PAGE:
Introducing the IDC Servitization Barometer

Jul 24, 2020 • FeaturesIDCWhite PaperDigital TransformationIFSServitization and Advanced Services

In a new series of extracts from an excellent white paper published by IDC and sponsored by IFS, we will explore the IDC Servitization Barometer which is designed to allow field service organisations to chart their path to new revenue streams. In part one we looked at the rapid and wide reaching change that is being faced by manufacturers in all sectors, in all regions. Now in part two we look further at IDC's Servitization Maturity Framework

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IDC strongly believes servitization will make or break digital transformation initiatives in physical value chains. As the concept is still relatively new to many organizations, it needs to be articulated and clarified.

To help organizations understand where they currently are on this journey and, more importantly, how to proceed to the next level, IDC has built the IDC Servitization Maturity Framework, identifying key dimensions and stages defining an organization’s readiness. In connection to this effort, IDC and IFS have cooperated for this first edition of the IDC Servitization Barometer, a data-based assessment of where companies around the globe find themselves in the servitization journey.

The barometer is fed by an IFS-sponsored survey carried out in July 2019, touching 420 companies active in the physical supply chain world. In this section, we will provide an overview of the tenets of the Maturity Framework, before deep diving into the results of the Barometer. For more detailed information on the survey, including demographics and background, please refer to the Methodology appendix. IDC believes an organization’s status as regards to servitization is defined by the five equally important dimensions described in Figure 3 below.

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IDC believes the servitization journey can be summarized in four key stages, as shown in Figure 4.

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The four stages can be described as follows:

  1. Splintered. The organization struggles under a myriad of silos that lead to disjointed, manual processes. Legacy, fragmented ERP environments provide little or no visibility on operational performance. The business model is on pure product, with challenges to profitability.

  2. Side-car. The organization has standardized the two chunks of the value chain (back-office and front-desk) but keeps them separated. The keyword in the company is efficiency and few add-on services are delivered. Field service is based on basic mobile capabilities and IoT stacks are at proof-of-concept stage. Growing the business is hard.
  3. Joined-Up. Front-office and back-office flows have been integrated in both directions and leverage the power of advanced technologies such as IoT to feed the core systems with real-time data. In some cases, Edge capabilities bring coordinated autonomy to local sites. A suite of digital services is fully available, and business model enhancements such as pay-as-you-use and outcome-based contracts are being explored.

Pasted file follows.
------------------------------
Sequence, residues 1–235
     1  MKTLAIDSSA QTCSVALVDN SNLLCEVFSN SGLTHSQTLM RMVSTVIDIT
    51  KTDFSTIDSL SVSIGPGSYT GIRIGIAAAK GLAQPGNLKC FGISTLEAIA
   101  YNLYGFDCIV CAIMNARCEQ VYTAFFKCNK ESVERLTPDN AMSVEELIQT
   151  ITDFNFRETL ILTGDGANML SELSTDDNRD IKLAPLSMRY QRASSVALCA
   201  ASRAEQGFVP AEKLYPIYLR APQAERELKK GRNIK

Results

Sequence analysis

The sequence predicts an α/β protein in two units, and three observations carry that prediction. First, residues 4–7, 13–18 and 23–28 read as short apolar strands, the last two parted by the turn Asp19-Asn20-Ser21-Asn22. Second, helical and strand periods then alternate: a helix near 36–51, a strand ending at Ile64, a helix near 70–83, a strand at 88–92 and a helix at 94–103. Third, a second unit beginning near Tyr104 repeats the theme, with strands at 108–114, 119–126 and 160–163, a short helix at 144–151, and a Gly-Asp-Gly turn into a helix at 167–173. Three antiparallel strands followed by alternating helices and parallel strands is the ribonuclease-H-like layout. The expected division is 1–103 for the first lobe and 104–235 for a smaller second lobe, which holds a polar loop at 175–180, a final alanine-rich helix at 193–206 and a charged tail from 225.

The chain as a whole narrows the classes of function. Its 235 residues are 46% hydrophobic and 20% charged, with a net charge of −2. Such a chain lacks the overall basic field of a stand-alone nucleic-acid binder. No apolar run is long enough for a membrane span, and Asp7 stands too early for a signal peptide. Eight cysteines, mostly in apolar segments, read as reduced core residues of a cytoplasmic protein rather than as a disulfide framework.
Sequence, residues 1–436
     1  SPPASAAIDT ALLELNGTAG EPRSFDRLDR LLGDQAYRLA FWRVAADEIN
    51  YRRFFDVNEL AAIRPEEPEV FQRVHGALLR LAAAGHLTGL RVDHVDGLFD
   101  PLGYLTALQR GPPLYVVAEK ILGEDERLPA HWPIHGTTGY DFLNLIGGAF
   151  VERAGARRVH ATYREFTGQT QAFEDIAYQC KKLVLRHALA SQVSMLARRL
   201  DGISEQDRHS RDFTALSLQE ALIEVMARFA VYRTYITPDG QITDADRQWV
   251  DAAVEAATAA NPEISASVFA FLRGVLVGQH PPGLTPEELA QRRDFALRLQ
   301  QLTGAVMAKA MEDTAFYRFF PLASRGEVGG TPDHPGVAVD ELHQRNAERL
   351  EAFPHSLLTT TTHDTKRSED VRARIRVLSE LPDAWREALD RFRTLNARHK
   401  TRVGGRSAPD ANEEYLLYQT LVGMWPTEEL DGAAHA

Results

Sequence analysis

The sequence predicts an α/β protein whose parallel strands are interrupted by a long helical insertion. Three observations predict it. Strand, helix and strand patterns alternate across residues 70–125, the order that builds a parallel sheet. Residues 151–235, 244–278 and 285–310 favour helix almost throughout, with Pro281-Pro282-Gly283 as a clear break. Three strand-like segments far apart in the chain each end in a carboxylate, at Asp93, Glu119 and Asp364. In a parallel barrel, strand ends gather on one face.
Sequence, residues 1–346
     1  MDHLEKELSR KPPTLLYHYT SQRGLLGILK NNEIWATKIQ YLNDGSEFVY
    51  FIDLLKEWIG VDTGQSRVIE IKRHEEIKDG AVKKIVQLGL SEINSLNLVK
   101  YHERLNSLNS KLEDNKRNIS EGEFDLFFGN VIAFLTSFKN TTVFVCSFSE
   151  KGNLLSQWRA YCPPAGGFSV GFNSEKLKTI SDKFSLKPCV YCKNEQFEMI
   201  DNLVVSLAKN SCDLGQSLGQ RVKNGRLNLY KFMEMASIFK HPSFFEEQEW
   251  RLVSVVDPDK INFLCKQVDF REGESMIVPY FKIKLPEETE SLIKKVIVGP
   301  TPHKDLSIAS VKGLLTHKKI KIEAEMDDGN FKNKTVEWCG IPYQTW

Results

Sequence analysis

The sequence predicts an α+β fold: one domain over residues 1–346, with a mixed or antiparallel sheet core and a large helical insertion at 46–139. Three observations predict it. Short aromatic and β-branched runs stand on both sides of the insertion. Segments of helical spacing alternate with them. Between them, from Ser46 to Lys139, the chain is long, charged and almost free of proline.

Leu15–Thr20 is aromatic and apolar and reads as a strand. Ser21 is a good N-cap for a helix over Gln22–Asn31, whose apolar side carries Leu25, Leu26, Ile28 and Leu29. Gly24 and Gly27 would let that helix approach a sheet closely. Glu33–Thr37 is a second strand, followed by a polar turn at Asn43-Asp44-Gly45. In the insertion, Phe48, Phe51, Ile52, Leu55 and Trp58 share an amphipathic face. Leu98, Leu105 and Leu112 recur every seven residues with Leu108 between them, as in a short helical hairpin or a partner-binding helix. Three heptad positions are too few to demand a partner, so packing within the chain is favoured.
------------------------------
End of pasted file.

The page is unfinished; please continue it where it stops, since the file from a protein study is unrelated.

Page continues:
4. Borderless. Processes start and end outside the organization and operations and technology enable different elements of the value chain to connect. Co-creation, data-sharing and collaboration with customers, suppliers, partners from other sectors and in some cases even competitors are part and parcel of the business model.

Servitization - A Real Example

A few years ago, a global healthcare manufacturer was struggling with data silos and a balkanized departmental setup (Stage 1). It integrated all the systems and processes in the purchase-to-stock part of the chain and achieved a much leaner back end, allowing better forecasts. Early discussions on modernizing the support and customer front end were held as it reached Stage 2. This is where the company is now. Margins are improving, but the ability to grow is not.
The company decided to explore a new business model towards delivering its medical instruments to operating theater managers on a pay-per-use basis, enabling healthcare professionals to access new innovations without massive upfront investment. The objective of this manufacturer is to generate a competitive differentiation against low cost competitors.
New technologies and service ideas are needed to get to Stage 3. To achieve that, IoT connectivity at customer, field service management software allowing rich data capture and machine learning algorithms that shape both supply flow and product design based on customer data are needed. This will drive new revenue streams from after-sales service and parts, on top of pay-as-you-go capabilities.
Alongside this, the advantages of the business model change become visible to customers. Since losing patients on the operating table due to a lack of materials is a not acceptable, hospitals lean towards very large safety stocks, which generates high inventory costs that are absorbed by patients. By creating an intelligent data flow on instrument utilization, the manufacturer can ultimately make healthcare more accessible to patients.
The long-term horizon begins to appear. In Stage 4, the company will strive to create an adaptative digital workflow in which real-time data generated interlinked with suppliers of raw materials, sterilization companies, hospitals, and patients will drive higher levels of success in the operations room.

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